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The silver lining of the junior doctor dispute: support from our seniors

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‘Look, LOOK! Is this like you?’

The arms of our predecessors seem more firmly around our shoulders than ever before

My three-year-old cousin flapped his book in my face with Haribo-fuelled fervour. I caught sight of the title: ‘Daisy the Doctor’. He had it open at a double page, which read: Daisy the Doctor is running late and still has a lot more patients to see. A shy young boy with tummy-ache. A big bald baby with a cough. An itchy little girl with eczema on her knee. A man with a sprained ankle.

It sounded familiar. Yet I found myself reluctant to meet his innocent gaze, filled with the curious reverence that only a three-year-old can conjure. Over the last few months, I was beginning to dread the fleeting looks of pity that followed any confession that I was a junior doctor. Even if they were from a toddler.

We were getting on the tube at the time, and I peeled a sticky Metro off the seat. The glinting eyes of my incensed colleagues on the front page threatened to provoke the frustration that simmered below the surface.

I thought back over the last few months. The incendiary placards plastering the newspapers, the data tossed innocently into the arena by politicians who seemed oblivious to the aftershocks, the gut wrenching withdrawals of care whilst army-speak like ‘imposition’, ‘nuclear options’ and ‘militancy’ were hurled back and forth through the clamour of authoritative voices. How did we ever get to this?

But that day, I found myself feeling strangely optimistic. And that optimism had been reignited by a chat with my consultant a few days before. As he proudly showed me the discharge summaries he had written over the strike days, he ended up asking about my career plans and gave me some advice for the future. It was a small touch, a single moment of kindness, of solidarity. But it left me feeling grounded and hopeful, and that lasted long after the moment passed.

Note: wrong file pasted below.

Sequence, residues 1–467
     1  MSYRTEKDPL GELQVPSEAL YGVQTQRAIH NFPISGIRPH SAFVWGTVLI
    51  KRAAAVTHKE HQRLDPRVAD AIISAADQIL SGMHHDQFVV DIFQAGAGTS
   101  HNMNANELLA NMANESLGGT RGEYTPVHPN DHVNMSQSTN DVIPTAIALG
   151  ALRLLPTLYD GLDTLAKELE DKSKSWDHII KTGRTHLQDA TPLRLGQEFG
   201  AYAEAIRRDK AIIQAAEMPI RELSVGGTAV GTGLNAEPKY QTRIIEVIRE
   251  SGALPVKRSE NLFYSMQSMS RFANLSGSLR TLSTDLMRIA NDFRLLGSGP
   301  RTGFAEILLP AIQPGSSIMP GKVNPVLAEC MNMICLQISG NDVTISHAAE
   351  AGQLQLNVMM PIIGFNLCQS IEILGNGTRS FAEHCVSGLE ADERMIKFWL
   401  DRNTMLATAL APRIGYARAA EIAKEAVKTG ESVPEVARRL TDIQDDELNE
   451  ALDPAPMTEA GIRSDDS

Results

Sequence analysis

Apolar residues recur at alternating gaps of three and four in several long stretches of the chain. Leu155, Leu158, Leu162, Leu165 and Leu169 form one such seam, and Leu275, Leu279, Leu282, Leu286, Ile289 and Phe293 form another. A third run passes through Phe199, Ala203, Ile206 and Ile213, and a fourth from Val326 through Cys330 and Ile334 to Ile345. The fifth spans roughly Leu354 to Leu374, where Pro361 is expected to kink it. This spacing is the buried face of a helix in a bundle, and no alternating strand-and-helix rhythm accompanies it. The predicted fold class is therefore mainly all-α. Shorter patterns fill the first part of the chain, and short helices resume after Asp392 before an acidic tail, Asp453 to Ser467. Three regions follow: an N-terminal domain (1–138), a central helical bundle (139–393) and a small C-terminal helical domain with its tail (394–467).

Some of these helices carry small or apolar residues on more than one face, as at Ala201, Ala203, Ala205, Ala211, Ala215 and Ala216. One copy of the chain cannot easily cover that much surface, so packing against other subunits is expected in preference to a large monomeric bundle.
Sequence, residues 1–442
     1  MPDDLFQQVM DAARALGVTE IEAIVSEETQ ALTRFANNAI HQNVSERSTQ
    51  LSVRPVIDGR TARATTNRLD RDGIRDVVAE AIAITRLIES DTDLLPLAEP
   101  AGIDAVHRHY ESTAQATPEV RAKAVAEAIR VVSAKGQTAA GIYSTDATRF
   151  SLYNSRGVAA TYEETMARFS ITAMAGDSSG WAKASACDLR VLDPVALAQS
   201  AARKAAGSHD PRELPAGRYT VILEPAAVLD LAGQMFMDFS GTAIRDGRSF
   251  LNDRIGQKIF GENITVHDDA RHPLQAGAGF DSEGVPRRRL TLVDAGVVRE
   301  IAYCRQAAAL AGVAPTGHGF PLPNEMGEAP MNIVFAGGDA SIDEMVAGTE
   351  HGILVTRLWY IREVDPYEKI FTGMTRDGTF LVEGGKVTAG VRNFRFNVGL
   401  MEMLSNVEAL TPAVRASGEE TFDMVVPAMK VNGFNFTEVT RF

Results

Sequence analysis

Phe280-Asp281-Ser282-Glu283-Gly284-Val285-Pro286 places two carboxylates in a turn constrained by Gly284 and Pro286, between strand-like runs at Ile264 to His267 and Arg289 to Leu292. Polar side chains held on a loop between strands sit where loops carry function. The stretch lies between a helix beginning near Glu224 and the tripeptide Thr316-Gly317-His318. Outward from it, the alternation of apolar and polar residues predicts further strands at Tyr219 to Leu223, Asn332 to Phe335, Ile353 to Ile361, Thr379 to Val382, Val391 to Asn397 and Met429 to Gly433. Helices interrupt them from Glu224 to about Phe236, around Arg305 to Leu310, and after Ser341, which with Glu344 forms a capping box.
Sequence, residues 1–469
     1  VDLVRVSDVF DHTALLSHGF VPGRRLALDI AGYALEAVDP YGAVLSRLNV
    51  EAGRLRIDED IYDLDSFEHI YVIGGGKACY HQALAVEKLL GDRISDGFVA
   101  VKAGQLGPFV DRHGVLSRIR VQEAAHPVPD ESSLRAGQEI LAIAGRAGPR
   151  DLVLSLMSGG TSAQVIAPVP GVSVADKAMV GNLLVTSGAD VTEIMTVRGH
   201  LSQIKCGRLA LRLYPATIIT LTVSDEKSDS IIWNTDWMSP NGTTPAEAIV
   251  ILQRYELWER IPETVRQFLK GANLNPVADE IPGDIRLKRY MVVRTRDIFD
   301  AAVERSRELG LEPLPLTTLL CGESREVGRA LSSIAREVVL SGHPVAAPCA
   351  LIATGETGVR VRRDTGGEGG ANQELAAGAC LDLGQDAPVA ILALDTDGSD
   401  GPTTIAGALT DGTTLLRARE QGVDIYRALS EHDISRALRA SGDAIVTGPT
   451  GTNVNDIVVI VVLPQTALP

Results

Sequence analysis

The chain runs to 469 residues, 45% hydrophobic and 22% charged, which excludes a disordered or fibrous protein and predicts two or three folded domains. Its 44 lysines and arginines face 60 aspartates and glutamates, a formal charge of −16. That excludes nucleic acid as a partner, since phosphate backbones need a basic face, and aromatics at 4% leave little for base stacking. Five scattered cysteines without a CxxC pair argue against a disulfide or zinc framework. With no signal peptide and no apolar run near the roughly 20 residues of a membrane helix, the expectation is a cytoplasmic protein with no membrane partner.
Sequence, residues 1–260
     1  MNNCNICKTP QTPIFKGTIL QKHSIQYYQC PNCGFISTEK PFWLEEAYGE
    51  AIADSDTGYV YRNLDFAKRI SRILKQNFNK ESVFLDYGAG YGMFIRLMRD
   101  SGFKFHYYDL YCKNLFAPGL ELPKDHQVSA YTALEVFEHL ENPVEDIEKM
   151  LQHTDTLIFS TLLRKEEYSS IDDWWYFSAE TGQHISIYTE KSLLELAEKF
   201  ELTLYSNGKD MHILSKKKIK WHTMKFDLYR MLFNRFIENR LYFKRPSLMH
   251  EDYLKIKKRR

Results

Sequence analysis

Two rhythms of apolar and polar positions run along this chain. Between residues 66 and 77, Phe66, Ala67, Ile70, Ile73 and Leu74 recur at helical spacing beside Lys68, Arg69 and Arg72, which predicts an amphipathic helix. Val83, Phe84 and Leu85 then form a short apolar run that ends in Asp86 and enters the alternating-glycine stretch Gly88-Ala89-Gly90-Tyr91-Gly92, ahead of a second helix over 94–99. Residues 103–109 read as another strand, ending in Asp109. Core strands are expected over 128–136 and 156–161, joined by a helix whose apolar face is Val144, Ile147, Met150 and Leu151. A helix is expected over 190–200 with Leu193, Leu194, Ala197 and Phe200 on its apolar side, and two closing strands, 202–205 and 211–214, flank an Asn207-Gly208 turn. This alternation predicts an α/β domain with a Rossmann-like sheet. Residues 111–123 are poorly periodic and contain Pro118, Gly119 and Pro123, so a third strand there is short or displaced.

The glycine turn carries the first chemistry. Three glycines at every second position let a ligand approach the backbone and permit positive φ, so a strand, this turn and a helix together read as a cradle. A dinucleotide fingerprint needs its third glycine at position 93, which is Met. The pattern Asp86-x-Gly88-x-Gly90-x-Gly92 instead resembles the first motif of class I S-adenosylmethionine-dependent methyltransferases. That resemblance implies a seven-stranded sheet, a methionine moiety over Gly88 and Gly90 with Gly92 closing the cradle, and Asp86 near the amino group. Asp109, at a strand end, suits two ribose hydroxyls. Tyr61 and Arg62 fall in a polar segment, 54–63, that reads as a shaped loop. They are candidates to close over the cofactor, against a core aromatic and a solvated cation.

I won’t rehearse the grievances of the last few months; plenty of my colleagues have done so more eloquently than I ever could. But if there is one silver lining I’ve noticed, it’s this: the arms of our predecessors seem more firmly around our shoulders than ever before, whether it’s in person, through the press or over the twittersphere. A bit of encouragement, a thank you, a nudge in the right direction. I’ve never felt more supported and inspired by my seniors than I have since the dispute began.

It’s made me wonder if there lies one of the problems. Does the disillusion and disenchantment amongst junior doctors go deeper than the gripes over Saturday pay? Is there something else missing from our generation?

I don’t know what it was like to be a doctor 20 years ago. And I’m sure I wouldn’t like to find out. But I wonder if, as consequence of the 120 hour weeks and seeing more of the mess than their own homes, there was a thread of camaraderie, a sense of belonging, and a deep seated proclivity to nurture the juniors that tied over the gaps back then.  

Our hours are shorter. But has the intensity and nature of the work changed? Are we spending too much time behind computers, and less time forging real connections? To our consultants, we probably seem to come and go as quickly as the patients. And our six monthly formal supervisor meetings are usually spent huddled around a screen, trying to navigate through the endless tick boxes that inform the powers that be that we can move on. Are these missed opportunities to rekindle that regimental spirit?

Many of my junior doctor colleagues feel like small cogs in a complex system. A system many of us don’t really understand. And we’re not too sure where it’s heading. Or if we’re really adding much value. That doesn’t bode well for a system that’s propped up by the goodwill of its staff going the extra mile.

But the last few months have led me to believe that our seniors are key to shaking off that feeling of alienation. And when the dust finally settles, as it must, I hope that’s something we don’t forget. A little perspective, an occasional thank you, offering a Haribo after a long day. I hope as a GP, I’ll remember my three-year-old cousin.

He’s got it nailed. 

Dr Nishma Manek is a GP trainee in London. Dr Manek is raising money for the Butterfly Thyroid Cancer Trust by running three half marathons in three months. If you would like to donate, please visit www.justgiving.com/3halfs3months

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Readers' comments (1)

  • Vinci Ho

    A friend in need is a friend indeed.
    We probably did not realise how much we cared about our next generation(s) but it is particularly through adversity,which was created unnecessarily by politicians and bureaucrats , that we know the importance of unity and justice to ourselves .
    We know well about the social norms and virtues NHS should honour and reward and they are to be passed from generation to generation . Against those who want to destroy them for their own agenda , we will never stop fighting ........

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